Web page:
Monday, January 20, 2014

What's New?: 1.20.2014

On today's episode: GERMANS!
Tangerine Dream — Alpha Centauri (1970)

Seriously wacky early stuff from the Edgar Froese-led version of the Dream.  This was actually the band's first album to be released, though not their first recording.  It's very early synths and drum machines (and some sort of seemingly stringed instrument?  Christ, is that a guitar?).  It's just three songs, one short and two long.  The first track ('Sunrise in the Third System') is easily the most accessible thing here, but things go very dark psychedelic, very quickly after that.  Very atonal.  In fact, somebody probably heard this at some point and thought it was just total nonsense music.  At times, I'm reminded of Sun Ra's more far-reaching stuff, just without horns obviously.  Good stuff, though not for everyone. This is the later 80's reissue on Relativity.

Tangerine Dream — Tangram (1980)

Fast forward to the early 80's and I believe this was the last time the band would just do two sidelong pieces on an album for some years. They were just starting to transition to their film soundtrack career and that's beginning to show on this album. Even though it's supposed to be one long song, there are very clear individual pieces within the larger piece and I can't help but think it could have been split into their own tracks. And it does get a bit cheesy sometimes with the now totally dated sounding (in a bad way) synths. Still, there's a bit of the old spirit left in them on this album and there's points of sheer interstellar weirdness that I love them for. So yeah, mixed bag, but leaning towards worth it.

Harmonia — Musik von Harmonia (1974)

Basically the start of what would become known as new wave.  Harmonia is the boys Roedelius and Moebius from Cluster and Michael Rother from NEU!  Drum machines and synthesizers bubbling up into a stew of innovation on the very first track ('Watussi') and things just float onwards from there.  And, that's something: this music is very doodle-y and fun.  For all its groundbreaking sounds, it's actually very tuneful and accessible.  Check out 'Dino' and then remind yourself that this was released four years before Jimmy Carter was president.   That's just fun, any way you slice it.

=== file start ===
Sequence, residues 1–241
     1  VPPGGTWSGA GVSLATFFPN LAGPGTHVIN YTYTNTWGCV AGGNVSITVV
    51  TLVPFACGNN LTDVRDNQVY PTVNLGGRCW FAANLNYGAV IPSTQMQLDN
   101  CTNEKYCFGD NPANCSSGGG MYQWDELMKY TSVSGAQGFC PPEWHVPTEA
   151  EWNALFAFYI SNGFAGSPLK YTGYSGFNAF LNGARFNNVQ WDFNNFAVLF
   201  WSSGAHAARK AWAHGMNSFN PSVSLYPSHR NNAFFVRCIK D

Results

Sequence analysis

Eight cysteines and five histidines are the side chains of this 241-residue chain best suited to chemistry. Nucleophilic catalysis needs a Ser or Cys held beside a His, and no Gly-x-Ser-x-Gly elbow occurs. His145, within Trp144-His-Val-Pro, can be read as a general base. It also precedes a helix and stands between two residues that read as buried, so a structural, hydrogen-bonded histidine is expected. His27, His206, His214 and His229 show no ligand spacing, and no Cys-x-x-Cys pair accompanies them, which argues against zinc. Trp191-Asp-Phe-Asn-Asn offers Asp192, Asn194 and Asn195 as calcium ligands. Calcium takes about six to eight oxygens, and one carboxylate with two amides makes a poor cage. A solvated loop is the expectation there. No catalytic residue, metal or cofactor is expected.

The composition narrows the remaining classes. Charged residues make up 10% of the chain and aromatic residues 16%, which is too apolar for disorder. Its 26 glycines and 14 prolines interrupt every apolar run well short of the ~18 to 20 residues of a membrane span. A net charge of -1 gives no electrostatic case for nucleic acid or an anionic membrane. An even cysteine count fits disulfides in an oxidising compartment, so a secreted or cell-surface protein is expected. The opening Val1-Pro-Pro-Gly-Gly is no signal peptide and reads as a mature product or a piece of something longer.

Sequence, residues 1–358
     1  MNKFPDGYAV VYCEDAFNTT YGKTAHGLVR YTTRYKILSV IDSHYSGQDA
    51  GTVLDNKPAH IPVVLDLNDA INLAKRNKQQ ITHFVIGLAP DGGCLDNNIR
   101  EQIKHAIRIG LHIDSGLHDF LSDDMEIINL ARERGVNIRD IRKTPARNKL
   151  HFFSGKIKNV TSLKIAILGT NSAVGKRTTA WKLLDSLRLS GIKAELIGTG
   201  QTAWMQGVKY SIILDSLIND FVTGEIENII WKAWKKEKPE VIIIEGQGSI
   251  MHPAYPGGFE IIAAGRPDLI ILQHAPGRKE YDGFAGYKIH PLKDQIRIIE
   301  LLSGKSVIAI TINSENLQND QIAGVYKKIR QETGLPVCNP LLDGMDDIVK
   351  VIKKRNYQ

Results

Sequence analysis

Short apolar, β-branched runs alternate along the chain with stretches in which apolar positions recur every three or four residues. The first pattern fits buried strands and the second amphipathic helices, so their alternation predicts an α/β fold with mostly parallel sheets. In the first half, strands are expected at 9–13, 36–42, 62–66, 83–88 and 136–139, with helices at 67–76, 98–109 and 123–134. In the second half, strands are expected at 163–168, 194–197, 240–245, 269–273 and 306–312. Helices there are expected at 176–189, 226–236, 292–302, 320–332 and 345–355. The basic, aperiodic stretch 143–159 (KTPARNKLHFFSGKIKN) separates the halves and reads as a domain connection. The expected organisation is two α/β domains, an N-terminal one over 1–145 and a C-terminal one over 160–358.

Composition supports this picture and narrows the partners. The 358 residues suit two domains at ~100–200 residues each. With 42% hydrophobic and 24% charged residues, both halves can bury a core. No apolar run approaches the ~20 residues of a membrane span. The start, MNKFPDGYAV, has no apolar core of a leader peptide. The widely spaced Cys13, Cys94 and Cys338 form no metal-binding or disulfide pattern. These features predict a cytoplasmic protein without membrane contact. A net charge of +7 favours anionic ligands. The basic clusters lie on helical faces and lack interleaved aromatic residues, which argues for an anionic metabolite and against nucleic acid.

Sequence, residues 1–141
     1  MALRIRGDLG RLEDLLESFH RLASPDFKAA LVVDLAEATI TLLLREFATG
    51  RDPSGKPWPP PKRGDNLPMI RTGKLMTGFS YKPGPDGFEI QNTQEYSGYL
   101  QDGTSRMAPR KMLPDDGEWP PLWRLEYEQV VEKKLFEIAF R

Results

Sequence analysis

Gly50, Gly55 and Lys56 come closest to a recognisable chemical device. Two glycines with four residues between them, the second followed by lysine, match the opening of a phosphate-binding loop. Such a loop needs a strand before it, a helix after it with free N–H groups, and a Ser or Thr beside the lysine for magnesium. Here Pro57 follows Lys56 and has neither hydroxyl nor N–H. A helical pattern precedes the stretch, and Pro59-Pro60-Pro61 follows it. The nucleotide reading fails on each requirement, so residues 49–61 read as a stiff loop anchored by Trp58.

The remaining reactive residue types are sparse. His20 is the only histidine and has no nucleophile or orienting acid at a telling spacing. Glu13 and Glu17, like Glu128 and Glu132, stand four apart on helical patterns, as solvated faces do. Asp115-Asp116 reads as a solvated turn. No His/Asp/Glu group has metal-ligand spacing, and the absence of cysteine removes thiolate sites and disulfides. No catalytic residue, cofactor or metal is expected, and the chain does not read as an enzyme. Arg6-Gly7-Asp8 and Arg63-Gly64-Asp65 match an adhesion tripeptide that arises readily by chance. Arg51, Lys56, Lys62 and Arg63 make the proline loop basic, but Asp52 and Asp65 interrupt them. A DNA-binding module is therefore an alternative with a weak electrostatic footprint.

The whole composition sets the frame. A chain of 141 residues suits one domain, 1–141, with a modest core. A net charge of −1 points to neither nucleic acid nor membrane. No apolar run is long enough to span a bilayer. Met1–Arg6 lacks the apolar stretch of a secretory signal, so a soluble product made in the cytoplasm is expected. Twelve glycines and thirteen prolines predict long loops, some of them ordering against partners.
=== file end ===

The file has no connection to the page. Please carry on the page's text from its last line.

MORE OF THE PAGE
Harmonia — Deluxe (1975)

Michael Rother gets a little more guitar time on this one and it's even more accessible, so I prefer it.  There's some vocal numbers on this one, as well, all of which are fun.  Check out 'Monza' for some serious guitar music and a preview of where Rother was headed on his own albums.  Overall, very enjoyable stuff and probably the better of the band's two albums.  And, besides that, just striking when you consider how ahead of their time they were.

Michael Rother — Flammende Herzen (1976)

Harmonic invention at its finest.  And again, totally groundbreaking music.  I generally don't like the term "post-rock", but this album, and the two that followed it, predict instrumental guitar rock that stresses mood and harmony over technical virtuosity by at least two and a half decades.  The melodies are so intricate, so layered and so well-thought out, it's nearly orchestral in its scope.  Just check out the leadoff title track and get blown away at how unique this music is.  The rest of the album follows suit and, while that first track is probably the highlight, the whole thing maintains that introspective but uplifting vibe to near perfection. 

Michael Rother — Sterntaler (1977)

Basically part two of Flammende Herzen, but maybe a tad more inward-looking.  Again, the first track ('Sonnenrad') comes out shining brightest.  But this does feel a bit more consistent and, for some reason I can't place, I'm reminded of the Cure's Seventeen Seconds album on songs like 'Fontana di Luna' and 'Blauer Regen.'  Maybe a bit down overall, but every song inevitably hits an absolutely uplifting chord or moment that redeems and solves everything all at once.

Michael Rother — Katzenmuzik (1979)

A grand masterpiece.  This actually was meant to be a guitar symphony, of sorts.  It's just one theme repeated across twelve different iterations and interpretations.  Different tempos and keys are attempted, but it just hits this transcendent mood and stays there for about fourty wonderful minutes.  Here's a representative piece.  Hard to reconcile with such high concentration of quality, but it's one of those rare albums that you can enjoy and learn from in equal measures.  This is absolutely essential music and one of the better albums I've encountered in the past year.  Completely wonderful and timeless.


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